Two years ago, a black, mentally ill man named Andrew Loku was fatally shot by a Toronto police officer. The story is familiar because it has played out many times before. Information walls went up. Family members asked why their loved one had to die. Community groups decried another shooting of a black, mentally ill man. The officer involved was cleared of wrongdoing and there was limited explanation of the decision. Protest erupted.
About a week into protests of the Loku decision, Michael Cooke stopped me in the hall and asked where the Attorney General was in all of this, anyway. She was, after all, the sole person in Ontario with access to the full report explaining why no charges were laid. Until that point, our coverage had focused on the police watchdog, the Special Investigations Unit, and it was this new line of inquiry that really began to expose the systemic problems with police oversight — and that, a month after receiving it, the Attorney General had in fact not read the report.
With mounting pressure there was movement, including the release of a version of the Loku report — a first in the history of the SIU— and a review launched into police oversight in Ontario. That review has since recommended far greater transparency, far sooner, from police watchdogs.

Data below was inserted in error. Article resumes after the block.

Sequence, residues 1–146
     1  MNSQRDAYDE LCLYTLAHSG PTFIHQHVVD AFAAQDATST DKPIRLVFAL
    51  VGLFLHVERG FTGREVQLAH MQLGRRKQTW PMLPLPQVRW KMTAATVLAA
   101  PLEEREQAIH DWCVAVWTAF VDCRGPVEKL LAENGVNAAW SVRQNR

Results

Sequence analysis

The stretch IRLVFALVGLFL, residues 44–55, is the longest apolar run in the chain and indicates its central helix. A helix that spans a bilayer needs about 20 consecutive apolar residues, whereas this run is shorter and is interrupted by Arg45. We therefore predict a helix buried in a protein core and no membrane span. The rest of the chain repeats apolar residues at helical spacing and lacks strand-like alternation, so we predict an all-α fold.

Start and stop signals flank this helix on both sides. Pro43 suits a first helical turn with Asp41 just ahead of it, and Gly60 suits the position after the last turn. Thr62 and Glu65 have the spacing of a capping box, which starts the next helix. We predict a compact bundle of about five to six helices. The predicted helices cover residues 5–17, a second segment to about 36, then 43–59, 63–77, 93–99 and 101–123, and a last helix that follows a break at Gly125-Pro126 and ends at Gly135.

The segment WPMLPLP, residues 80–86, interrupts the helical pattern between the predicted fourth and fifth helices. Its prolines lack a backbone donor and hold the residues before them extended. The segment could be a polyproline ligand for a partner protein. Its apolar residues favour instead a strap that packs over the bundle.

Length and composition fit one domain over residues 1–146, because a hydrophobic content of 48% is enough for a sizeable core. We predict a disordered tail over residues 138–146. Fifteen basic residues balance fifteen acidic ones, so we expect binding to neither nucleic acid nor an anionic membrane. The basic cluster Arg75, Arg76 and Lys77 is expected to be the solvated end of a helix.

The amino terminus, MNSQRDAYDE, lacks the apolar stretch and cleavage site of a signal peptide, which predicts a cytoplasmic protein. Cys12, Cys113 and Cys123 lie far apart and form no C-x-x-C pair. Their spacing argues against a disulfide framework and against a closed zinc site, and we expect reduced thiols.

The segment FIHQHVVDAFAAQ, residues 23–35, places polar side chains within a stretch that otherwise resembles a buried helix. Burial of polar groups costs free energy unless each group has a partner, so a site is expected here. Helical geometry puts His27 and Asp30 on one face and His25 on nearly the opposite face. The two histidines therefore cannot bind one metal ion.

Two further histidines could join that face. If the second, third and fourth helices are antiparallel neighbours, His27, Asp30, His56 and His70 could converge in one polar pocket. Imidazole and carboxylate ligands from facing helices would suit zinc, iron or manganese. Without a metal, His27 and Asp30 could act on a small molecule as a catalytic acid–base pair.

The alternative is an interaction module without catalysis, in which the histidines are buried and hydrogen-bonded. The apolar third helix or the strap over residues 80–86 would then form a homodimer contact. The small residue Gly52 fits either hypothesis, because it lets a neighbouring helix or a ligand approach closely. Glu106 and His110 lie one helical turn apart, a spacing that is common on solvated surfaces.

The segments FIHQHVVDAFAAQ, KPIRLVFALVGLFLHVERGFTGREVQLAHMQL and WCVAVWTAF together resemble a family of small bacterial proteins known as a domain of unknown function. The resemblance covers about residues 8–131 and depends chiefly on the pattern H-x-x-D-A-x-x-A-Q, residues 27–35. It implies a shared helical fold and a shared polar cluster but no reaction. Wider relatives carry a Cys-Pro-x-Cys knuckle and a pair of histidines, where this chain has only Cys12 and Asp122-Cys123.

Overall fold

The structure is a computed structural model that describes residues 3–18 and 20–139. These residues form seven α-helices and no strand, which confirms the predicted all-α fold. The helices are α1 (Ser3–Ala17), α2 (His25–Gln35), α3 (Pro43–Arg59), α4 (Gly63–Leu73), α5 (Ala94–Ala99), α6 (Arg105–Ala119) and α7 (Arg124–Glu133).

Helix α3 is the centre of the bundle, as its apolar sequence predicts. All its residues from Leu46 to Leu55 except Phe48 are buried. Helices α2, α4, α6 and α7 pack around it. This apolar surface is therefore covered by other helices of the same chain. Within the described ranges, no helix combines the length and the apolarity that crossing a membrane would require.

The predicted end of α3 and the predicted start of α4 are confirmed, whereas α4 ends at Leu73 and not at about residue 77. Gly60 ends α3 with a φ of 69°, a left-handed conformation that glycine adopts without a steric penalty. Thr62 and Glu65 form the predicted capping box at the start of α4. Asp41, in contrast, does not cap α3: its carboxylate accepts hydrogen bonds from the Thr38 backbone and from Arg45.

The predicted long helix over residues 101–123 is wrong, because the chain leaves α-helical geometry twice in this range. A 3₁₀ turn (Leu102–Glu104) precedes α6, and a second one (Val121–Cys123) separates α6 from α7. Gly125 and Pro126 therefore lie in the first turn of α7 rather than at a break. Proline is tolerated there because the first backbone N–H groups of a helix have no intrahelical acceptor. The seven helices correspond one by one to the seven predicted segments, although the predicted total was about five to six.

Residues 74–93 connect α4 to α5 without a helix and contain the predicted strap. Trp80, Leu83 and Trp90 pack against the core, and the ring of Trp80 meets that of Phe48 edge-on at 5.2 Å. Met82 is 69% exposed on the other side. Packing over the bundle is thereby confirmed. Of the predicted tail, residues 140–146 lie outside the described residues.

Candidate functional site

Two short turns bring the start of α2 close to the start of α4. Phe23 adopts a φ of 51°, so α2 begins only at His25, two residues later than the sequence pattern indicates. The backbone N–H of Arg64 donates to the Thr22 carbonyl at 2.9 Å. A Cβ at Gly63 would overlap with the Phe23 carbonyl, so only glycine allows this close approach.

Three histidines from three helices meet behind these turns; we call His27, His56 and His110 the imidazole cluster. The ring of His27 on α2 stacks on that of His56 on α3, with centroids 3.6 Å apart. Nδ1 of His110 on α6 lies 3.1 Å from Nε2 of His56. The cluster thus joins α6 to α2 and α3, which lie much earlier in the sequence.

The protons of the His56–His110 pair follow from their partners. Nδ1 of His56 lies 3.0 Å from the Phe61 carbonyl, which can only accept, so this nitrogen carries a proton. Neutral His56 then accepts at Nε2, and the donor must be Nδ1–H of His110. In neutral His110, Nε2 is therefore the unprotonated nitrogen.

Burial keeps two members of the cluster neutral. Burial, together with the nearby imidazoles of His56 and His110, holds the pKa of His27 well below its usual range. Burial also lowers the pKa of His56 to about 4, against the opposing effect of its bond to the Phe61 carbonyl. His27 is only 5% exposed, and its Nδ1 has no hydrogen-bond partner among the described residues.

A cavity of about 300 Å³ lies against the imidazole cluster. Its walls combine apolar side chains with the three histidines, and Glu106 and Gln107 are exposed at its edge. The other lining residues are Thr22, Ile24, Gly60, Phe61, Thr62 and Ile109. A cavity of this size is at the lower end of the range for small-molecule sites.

These are, after all, often complex and even nuanced cases. I have just come from the ongoing coroner’s inquest into Andrew’s death, which is at last getting the public airing demanded in the wake the SIU decision more than a year ago. With every day of witness testimony, every video clip or 911 call released, there is greater information, and in turn understanding, about how and why someone died at the hands of police. It’s the least the public deserves.
Our project was built on a Star tradition of vigorously pursuing the information we all need to understand our world. For that I’d like to thank John Honderich and Michael Cooke. Irene Gentle’s unyielding vision was the heart of this project. On behalf of my colleagues, Jacques Gallant, Robert Benzie, Edward Keenan and Alex Ballingall, I’d like to thank the people who trusted us to tell their stories, including longtime advocates and families of people killed by police. This acknowledgment is theirs.